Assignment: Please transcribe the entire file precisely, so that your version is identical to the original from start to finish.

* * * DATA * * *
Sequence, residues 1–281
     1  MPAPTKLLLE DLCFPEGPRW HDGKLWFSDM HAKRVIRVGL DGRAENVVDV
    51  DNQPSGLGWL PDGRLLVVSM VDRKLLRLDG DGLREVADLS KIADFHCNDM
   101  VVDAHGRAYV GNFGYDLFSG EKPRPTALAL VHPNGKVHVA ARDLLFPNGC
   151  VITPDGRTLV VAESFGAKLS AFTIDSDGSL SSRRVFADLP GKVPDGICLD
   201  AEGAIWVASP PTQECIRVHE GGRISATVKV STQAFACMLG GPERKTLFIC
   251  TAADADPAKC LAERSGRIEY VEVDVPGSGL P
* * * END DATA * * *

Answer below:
Sequence, residues 1–281
     1  MPAPTKLLLE DLCFPEGPRW HDGKLWFSDM HAKRVIRVGL DGRAENVVDV
    51  DNQPSGLGWL PDGRLLVVSM VDRKLLRLDG DGLREVADLS KIADFHCNDM
   101  VVDAHGRAYV GNFGYDLFSG EKPRPTALAL VHPNGKVHVA ARDLLFPNGC
   151  VITPDGRTLV VAESFGAKLS AFTIDSDGSL SSRRVFADLP GKVPDGICLD
   201  AEGAIWVASP PTQECIRVHE GGRISATVKV STQAFACMLG GPERKTLFIC
   251  TAADADPAKC LAERSGRIEY VEVDVPGSGL P